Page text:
“Humans, not Robots, are responsible agents. Robots should be designed and operated as far as practicable to comply with existing laws, fundamental rights and freedoms, including privacy.” Alan Winfield
Last week, the marketing industry descended on the Promenade de la Croisette for its annual red carpet frenzy. This year, however, something has fundamentally changed in Cannes: the ongoing revolution in marketing automation has finally reached the Lions. The emphasis was on advertising technology which is changing for ever how advertising is created, bought and sold.
Brian Terkelsen, chief executive of MediaVest USA put it during the Lions Innovation, a separate event focusing solely on digital advertising, social media, analytics, data and technology: “Today, content isn’t the topic of conversation. Today, ad tech is the topic of conversation.”
Ad fraud – a $10 billion pain
Let’s face it, the days of the good old clickfarms are over. Fraudulent activities in digital advertising mean big business. HUGE!
The Association of National Advertisers estimated in December, 2014 that global advertisers will lose $6.3 billion to ad fraud in 2015. With half of 2015 already gone, current projections go as far as $10 billion.
The broad definition of advertising fraud is that it is a set of ad-related actions generated by infrastructure designed not to deliver the right ad at the right time to the right user, but rather to extract the maximum amount of money from the digital advertising ecosystem, regardless of the presence of an audience. Ad fraud and illegitimate traffic include page views, ad clicks, mouse movement, shopping cart actions, or other seemingly human activities.
Advertising fraud is not a new thing but the wide industrialisation of it – largely catalysed by the rapid growth of programmatic advertising trade – happened almost overnight and advertiser concern only started to heighten over the last year. Industry associations such as theInteractive Advertising Bureau or the JICWEBS are taking actions but it’s like shooting at a fast moving target. A recent survey by e-Marketer found that ad fraud and brand safety are currently the leading obstacles (58%!) to adopting programmatic procedures in advertising trade in the UK and North America. And certain fraudulent practices such as ad injection or site/URL masking make ad fraud and brand safety strongly interrelated. (Here you can read about some of the most common forms of ad fraud in plain language.)
We have met the bots and they are us
At the centre of ad fraud lies robotic or simply bot traffic defined as web traffic originating from hijacked devices masquerading as legitimate users. As Keith Weed rightly said, there could be more robotic eyes in the digital media universe than human ones. And the bots cannot be localised because the are everywhere. The ANA ad fraud study claimed:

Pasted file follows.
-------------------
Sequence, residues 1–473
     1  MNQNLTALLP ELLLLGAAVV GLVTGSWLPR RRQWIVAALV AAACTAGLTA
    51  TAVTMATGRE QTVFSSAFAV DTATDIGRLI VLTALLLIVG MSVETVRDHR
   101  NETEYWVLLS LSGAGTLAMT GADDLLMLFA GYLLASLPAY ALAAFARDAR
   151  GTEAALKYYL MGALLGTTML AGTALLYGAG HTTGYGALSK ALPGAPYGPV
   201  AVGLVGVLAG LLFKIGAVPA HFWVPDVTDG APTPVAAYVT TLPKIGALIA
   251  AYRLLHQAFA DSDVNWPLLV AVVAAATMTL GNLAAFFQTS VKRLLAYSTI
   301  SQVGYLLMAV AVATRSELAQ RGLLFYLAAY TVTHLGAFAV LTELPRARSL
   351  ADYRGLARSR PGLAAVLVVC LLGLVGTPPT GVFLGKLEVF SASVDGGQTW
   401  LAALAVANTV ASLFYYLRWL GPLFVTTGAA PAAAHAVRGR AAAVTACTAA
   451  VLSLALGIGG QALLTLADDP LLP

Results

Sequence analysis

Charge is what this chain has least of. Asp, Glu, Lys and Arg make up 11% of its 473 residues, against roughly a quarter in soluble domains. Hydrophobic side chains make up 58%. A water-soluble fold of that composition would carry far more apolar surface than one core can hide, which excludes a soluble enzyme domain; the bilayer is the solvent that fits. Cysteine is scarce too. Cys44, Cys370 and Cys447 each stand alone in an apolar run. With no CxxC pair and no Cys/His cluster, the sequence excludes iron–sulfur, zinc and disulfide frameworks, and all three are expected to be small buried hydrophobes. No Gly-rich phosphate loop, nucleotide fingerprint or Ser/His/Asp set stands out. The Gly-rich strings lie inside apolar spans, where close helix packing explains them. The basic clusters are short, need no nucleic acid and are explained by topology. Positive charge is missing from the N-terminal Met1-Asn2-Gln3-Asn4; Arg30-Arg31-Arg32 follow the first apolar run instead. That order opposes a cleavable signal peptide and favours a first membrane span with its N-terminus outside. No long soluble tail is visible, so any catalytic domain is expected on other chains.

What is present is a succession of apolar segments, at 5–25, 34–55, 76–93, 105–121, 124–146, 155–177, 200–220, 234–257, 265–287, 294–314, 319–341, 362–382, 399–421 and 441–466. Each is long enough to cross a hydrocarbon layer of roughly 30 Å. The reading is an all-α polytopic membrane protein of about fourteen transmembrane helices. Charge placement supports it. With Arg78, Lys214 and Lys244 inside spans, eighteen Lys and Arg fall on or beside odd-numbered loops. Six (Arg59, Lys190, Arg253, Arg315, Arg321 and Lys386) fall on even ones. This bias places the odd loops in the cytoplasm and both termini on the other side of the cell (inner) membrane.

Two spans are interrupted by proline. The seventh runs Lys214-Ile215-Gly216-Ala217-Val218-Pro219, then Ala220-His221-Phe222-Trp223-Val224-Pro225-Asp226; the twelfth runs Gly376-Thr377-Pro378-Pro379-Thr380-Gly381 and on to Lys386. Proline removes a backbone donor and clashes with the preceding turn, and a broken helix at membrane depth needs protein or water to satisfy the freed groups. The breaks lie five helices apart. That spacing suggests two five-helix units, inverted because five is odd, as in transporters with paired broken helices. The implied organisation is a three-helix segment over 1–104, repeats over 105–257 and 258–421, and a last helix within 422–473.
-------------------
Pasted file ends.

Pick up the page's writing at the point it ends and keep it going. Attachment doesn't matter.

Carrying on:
“We expected to find bot-focused websites with nothing but a bot audience, but out of nearly three million websites covered in the study, mere thousands were completely built for bots.Most of the bots visited real websites run by real companies with real human visitors. The bots inflated the monetized audiences at those sites by 5 to 50 percent.“
Bot traffic comes from everyday computers that have been hacked and remotely controlled. Yes, even yours is a potential victim! Two-thirds of bot traffic comes from residential IP addresses. Bots hijack browsers to masquerade as real users and blend in with human traffic. After infiltrating home computers with malware, cybercriminals make real money from their victims by installing ad bots.
The most common ways to infiltrate computers are getting users to install toolbars in their browsers, simulating applications such as games or video players in an alternate browser and bundling hidden applications with consumer downloads. (For various reasons, older versions of the Ask toolbar have recently been declared persona non grata by Microsoft, and their security software would kill it on sight. The bulk of this comes thanks to Java, because for years every Java update asks if the user would like to install Ask’s toolbar. Many a computer user has unthinkingly clicked through and installed the toolbar.)
By using the computers of real people—people who are logged in to Gmail, sharing on Facebook, and buying on eBay—the bots do not just blend in, they get targeted. Sophisticated bots move the mouse, making sure to move the cursor over ads. Bots click on ads, put items in shopping carts and visit many sites to generate histories and cookies to appear more demographically appealing to advertisers and publishers. Sounds scary, doesn’t it?
Trust is normally based on history and tolerance. Without much history of anti-ad fraud practices or ad fraud in general, tolerance is an important factor. In a recent ExchangeWire Research report about perceptions of online ad marketplace quality some benchmarks have been established regarding the rates of tolerance of ad fraud: